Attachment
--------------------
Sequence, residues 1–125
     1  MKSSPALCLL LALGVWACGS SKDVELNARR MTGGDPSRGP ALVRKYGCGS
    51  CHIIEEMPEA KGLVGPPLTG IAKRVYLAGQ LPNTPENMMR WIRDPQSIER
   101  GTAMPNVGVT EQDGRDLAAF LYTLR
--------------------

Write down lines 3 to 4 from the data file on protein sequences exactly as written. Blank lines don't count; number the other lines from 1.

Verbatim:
    51  CHIIEEMPEA KGLVGPPLTG IAKRVYLAGQ LPNTPENMMR WIRDPQSIER
   101  GTAMPNVGVT EQDGRDLAAF LYTLR